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Mo Roots brings the sun heavy

Mo Roots during her show on Saturday. PHOTO BY ANDREW KAGGWA.

“Keep it Real,” a 3D wording greeted you at the stage singer, instrumentalist Maureen Rutabigwa alias Mo Roots was meant to grace. But it wasn’t the only thing on it – there multiple screens of different sizes, speakers and LED lights whose rays kept dancing to different tunes and thus influencing the entire stage feel.

You could wonder what some of these things were doing there, it however turned out the 3D curving was there for the beauty, the artiste was basically paying homage to her sponsors. But that was only a portion of all the things that were on stage, remember she was playing with a band, Ctrl.A.D a collective band made up of instrumentalists and producers whose body of works exceeds making music but experimenting with it.

Their sound involves a lot of equipment – on this particular set, you had three pianos, a drum machine bigger than all drum kits you have seen and then many laptops, the whole show was some sort of a studio session without take twos. The band was in their element for this one and a fact that Mo Roots herself is a producer, they were not afraid to tryout things live on stage, experimenting with auto-tune, punk, house and electronic music in one go, at some points, they could even do live samples of other people’s bodies of works.

Mo Roots was presenting her new album From the Sun, at The Square Place in the industrial area last Saturday; it’s an album she crafted while working in England for the past two years and judging by the concert, she let London’s art scene influence her process. Many of the songs on the album border soul and new school genres such as electronic – but performing these songs on stage was the epitome of an experience that seemed to appreciate instrumentation more than the vocal ability.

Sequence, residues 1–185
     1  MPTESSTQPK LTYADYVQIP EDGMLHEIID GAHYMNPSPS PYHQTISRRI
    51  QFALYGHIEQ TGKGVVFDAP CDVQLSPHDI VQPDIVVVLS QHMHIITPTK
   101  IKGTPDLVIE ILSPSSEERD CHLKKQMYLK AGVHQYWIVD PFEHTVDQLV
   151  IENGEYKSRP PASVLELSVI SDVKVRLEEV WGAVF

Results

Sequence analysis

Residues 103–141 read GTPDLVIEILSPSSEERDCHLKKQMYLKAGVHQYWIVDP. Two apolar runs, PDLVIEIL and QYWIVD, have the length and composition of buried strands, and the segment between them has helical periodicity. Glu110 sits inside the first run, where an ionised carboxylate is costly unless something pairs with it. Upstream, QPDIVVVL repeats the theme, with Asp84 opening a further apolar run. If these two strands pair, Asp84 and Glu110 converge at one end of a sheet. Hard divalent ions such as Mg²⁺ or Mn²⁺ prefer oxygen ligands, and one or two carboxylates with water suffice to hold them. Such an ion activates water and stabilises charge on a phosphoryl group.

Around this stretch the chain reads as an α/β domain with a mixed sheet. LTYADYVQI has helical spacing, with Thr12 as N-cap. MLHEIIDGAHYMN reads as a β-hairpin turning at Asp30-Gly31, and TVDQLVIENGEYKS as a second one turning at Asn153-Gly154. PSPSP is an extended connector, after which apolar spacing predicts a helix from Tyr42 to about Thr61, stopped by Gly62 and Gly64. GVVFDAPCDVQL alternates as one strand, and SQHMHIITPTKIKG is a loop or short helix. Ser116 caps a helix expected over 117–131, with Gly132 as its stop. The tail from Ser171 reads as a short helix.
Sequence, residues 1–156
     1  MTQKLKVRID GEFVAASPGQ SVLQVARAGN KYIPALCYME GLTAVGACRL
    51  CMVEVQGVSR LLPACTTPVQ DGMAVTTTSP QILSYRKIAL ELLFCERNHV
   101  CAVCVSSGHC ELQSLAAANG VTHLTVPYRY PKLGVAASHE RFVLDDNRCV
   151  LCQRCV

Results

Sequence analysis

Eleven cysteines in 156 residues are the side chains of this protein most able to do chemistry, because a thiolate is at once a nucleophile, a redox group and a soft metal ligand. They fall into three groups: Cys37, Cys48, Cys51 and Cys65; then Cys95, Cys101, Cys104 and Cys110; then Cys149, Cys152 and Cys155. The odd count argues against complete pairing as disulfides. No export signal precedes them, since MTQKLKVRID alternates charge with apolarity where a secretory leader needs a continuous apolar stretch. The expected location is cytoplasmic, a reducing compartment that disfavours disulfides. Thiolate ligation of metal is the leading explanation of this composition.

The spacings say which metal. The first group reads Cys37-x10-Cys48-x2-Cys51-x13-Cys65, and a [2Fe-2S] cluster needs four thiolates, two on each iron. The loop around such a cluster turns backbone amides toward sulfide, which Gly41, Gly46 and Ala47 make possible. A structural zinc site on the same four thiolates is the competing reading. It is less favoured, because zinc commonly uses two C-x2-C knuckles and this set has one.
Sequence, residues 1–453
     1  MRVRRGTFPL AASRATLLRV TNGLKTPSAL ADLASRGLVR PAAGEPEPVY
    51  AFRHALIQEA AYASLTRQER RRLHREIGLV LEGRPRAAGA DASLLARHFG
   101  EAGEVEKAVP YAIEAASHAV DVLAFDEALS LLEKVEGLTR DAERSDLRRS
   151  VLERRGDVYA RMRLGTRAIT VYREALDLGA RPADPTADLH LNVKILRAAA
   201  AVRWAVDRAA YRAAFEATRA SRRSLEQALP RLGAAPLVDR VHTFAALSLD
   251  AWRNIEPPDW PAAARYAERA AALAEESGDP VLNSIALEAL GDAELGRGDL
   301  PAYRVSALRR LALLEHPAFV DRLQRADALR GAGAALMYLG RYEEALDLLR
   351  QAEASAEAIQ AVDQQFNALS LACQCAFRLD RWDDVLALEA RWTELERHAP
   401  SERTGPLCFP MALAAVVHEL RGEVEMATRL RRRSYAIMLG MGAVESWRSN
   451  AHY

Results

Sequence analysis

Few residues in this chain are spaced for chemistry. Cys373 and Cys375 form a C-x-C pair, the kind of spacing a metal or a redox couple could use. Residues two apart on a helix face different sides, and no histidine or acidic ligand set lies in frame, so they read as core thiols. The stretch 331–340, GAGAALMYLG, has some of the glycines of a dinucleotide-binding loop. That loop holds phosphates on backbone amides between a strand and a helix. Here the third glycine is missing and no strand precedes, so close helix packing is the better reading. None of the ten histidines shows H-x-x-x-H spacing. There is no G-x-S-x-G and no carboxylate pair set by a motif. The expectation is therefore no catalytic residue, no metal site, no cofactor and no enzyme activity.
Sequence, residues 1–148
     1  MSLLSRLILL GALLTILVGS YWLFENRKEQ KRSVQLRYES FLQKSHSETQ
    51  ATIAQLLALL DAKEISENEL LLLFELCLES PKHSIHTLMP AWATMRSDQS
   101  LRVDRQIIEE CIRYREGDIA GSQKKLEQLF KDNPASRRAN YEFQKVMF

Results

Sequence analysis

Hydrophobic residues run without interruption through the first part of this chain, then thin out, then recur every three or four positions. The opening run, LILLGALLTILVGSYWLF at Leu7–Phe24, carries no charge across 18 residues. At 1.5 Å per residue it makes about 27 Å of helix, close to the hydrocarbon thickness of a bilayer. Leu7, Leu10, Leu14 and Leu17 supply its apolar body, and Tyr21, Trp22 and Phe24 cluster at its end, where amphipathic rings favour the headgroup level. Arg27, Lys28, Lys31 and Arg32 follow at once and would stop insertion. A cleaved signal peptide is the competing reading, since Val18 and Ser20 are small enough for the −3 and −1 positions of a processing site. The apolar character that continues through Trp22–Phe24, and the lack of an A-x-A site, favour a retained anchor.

For most of the show, the vibrations from those drums, pianos or effects created by those other machines on scene could not let you hear all she was singing about, this became an undoing, the heavy sound drove some people from the comfort of lodging near the stage to a distance, seems no one wanted to leave the show with a headache. And unlike the past music Mo Roots has recorded, this particular album intended to use all her other elements but the saxophone, for instance, for the entire show, she only played the instrument once.

She had monumental moments on stage with songs such as This Woman She Cries, it marries both spoken word, soul or blues and of course, the ending that echoed an African chant was memorable. The shows ended on a high note when she performed one of the most loved songs, Kings and Queens, inviting her audience to sing along, she had to save some energy for a performance at Blankets and Wine.

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